You may have heard a lot about electric vehicles since they came on to the Australian market in 2008.
As with all products that disrupt a traditional market, there are a lot of misunderstandings about electric vehicles.
Here, we dispel the top three myths so you can be more informed when it comes to considering your next automotive purchase.
Range anxiety? Unlikely
When it comes to electric vehicles, we know that consumers are concerned about travelling long distances – in the industry, this is commonly referred to as ‘range anxiety’.
Thankfully, charging your electric vehicle is becoming much easier to do on the road with more than 3000 public chargers and rising.
This doesn’t include chargers located at private businesses such as shopping centres, which are also increasingly popular.
Those who are still concerned they will run out of ‘charge’ while driving will be relieved to know an average electric vehicle battery lasts for more than a week, based on typical driving distances.
The average combustion vehicle has a range of about 400 kilometres to 600 kilometres on a full tank of petrol.
When compared with the latest models from BMW’s i line-up, the BMW iX (up to 620 kilometres), BMW iX3 (up to 460 kilometres) and the BMW i4 (up to 590 kilometres), it’s clear that these new models have range limits that measure up favourably.
As a leader in the space, BMW Group is leading the charge in sustainability and electrified vehicle adoption, with the aim that consumers will have range confidence.
Furthermore, as a member of the Electric Vehicle Council, BMW Group is working closely with industry bodies to help accelerate the electrification of road transport in Australia.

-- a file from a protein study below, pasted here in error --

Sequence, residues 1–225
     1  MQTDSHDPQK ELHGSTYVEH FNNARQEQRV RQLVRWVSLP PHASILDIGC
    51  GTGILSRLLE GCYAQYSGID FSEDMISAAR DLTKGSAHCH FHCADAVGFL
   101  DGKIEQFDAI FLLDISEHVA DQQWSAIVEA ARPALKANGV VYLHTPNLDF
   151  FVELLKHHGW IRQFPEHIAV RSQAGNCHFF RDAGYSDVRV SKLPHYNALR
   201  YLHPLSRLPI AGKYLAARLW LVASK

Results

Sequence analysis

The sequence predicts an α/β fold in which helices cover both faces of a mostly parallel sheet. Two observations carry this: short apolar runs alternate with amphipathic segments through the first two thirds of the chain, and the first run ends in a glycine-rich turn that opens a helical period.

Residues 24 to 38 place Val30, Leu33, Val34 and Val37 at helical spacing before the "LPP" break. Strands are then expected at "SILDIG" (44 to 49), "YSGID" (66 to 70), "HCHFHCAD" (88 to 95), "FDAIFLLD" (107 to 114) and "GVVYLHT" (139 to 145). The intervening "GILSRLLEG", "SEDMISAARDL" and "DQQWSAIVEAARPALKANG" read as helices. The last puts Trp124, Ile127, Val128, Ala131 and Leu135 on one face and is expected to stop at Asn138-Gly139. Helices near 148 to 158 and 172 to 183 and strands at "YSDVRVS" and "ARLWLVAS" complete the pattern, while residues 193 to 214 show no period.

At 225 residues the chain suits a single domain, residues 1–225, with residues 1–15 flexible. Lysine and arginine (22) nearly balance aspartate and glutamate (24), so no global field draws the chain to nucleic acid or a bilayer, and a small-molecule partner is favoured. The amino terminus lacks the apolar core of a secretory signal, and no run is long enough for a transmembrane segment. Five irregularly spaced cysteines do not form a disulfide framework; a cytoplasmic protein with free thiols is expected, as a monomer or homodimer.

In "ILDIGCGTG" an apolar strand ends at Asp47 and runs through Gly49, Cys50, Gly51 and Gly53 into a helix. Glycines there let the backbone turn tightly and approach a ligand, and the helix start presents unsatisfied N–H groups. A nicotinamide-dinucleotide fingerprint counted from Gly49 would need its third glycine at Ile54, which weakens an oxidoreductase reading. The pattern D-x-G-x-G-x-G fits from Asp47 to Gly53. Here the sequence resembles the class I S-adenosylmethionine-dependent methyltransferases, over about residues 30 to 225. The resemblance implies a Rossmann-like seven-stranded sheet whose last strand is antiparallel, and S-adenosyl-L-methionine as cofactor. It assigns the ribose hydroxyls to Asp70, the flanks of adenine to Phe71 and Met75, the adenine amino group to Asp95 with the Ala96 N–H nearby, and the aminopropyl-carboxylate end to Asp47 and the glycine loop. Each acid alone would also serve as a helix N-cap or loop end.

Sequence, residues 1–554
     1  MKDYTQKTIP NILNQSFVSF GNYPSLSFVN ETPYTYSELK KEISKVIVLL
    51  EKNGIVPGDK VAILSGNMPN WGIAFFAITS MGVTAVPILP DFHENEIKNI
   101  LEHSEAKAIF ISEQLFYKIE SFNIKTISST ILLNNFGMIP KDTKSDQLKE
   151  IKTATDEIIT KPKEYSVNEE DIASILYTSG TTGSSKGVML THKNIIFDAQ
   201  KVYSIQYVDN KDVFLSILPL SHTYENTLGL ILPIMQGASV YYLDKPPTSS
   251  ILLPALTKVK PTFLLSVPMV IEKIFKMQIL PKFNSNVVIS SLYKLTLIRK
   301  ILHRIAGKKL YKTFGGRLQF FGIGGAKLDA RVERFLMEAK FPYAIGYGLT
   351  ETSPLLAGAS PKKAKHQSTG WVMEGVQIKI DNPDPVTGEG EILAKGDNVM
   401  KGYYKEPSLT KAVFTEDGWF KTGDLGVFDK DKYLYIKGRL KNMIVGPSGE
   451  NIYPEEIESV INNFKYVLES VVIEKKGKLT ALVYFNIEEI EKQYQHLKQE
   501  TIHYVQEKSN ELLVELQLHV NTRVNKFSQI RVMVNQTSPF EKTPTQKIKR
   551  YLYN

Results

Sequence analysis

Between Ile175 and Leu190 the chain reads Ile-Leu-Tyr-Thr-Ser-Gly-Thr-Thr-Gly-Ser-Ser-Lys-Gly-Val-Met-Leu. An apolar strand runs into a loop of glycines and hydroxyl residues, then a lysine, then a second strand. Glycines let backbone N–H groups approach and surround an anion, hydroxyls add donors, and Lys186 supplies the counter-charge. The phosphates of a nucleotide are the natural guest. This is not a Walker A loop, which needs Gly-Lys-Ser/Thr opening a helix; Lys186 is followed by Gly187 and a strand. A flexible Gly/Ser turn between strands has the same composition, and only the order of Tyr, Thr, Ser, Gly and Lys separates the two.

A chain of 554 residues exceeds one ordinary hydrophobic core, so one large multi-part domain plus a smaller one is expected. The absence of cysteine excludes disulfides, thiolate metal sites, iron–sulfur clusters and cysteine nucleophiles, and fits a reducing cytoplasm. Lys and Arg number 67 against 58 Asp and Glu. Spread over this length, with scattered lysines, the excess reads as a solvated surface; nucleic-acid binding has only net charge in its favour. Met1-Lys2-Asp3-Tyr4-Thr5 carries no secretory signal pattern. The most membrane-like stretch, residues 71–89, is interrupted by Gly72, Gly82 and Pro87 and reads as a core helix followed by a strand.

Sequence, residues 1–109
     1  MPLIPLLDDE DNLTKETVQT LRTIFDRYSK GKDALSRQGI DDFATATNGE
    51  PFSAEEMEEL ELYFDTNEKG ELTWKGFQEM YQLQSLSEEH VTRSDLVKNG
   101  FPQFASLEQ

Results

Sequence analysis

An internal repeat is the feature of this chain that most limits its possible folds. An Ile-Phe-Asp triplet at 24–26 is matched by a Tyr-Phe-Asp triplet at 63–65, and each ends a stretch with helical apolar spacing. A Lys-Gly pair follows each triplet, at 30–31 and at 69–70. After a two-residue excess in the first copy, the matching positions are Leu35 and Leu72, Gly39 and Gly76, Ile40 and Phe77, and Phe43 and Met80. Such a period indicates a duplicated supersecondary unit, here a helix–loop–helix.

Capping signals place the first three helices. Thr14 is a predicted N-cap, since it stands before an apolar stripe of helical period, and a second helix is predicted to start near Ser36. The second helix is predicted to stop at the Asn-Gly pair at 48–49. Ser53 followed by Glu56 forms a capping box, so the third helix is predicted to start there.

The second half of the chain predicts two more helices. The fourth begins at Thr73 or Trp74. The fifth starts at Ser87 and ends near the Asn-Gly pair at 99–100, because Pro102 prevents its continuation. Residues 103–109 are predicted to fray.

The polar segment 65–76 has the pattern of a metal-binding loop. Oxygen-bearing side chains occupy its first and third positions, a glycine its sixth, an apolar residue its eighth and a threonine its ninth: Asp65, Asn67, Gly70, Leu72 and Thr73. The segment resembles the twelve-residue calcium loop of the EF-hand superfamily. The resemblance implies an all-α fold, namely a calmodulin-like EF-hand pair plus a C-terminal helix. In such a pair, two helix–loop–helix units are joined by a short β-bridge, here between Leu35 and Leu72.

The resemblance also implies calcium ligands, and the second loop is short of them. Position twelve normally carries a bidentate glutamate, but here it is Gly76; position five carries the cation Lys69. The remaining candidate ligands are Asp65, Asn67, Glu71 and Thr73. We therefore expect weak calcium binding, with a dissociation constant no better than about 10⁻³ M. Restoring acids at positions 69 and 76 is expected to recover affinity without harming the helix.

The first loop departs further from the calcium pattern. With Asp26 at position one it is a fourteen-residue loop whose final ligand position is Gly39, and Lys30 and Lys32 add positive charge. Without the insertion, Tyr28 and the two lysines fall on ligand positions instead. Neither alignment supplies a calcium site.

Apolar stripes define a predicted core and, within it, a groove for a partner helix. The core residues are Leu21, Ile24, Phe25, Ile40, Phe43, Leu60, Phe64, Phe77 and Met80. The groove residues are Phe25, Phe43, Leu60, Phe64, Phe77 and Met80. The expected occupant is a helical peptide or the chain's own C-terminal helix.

A partnership with Chargefox, Australia’s largest electric vehicle charging network, is supporting further growth for the alternative ‘powertrain’ locally in alignment with BMW’s plans to offer up to 25 electrified models to consumers in the next two years.
More affordable and cost effective
Another common misconception of owning an electric vehicle is their running costs, which might surprise you.
The upfront costs may also not be as high as you think.
As new offerings come onto the Australian market, such as BMW’s new iX, iX3 and upcoming i4 model, the cost of buying an electric car is gradually decreasing.
BMW plans to have 25 electrified models in its product range by the end of 2023, with 12 of these models offering a fully electric powertrain.
Over the next decade or so, the company also plans to release a total of about 10 million fully electric vehicles onto the roads, which will likely push prices down further for consumers.
Furthermore, as the innovation and technology of electric vehicles improves, they will naturally become more affordable, while helping the general public to accelerate towards zero emissions.
Performance to impress even the most sceptical
When you’ve only driven petrol vehicles, it’s understandable you feel more comfortable driving one.
However, until you try an electric vehicle you won’t know the difference – apart from the lack of sound.
BMW believes drivers should have the choice between different drive technologies – combustion engine, plug-in hybrid or fully electric – without having to compromise on performance or design.
With last year’s introduction of the fully electric iX3 and X3 xDrive30e plug-in hybrid model, BMW’s X3 line-up became the first in the segment to offer such a broad spectrum of powertrains.
Luxury and sustainability, BMW says, go hand in hand.
There is no reason why one should be compromised for the other in delivering an exceptional driving experience, and this certainly carries through to the experience of driving an electric vehicle.
Electric vehicles deliver full torque instantly and therefore provide instant thrust.
Electric vehicles often have batteries positioned at the bottom of the vehicle, which lowers their centre of gravity and results in better handling and cornering.
To learn more about the BMW Group and its approach to a sustainable future, visit BMW Australia’s website today.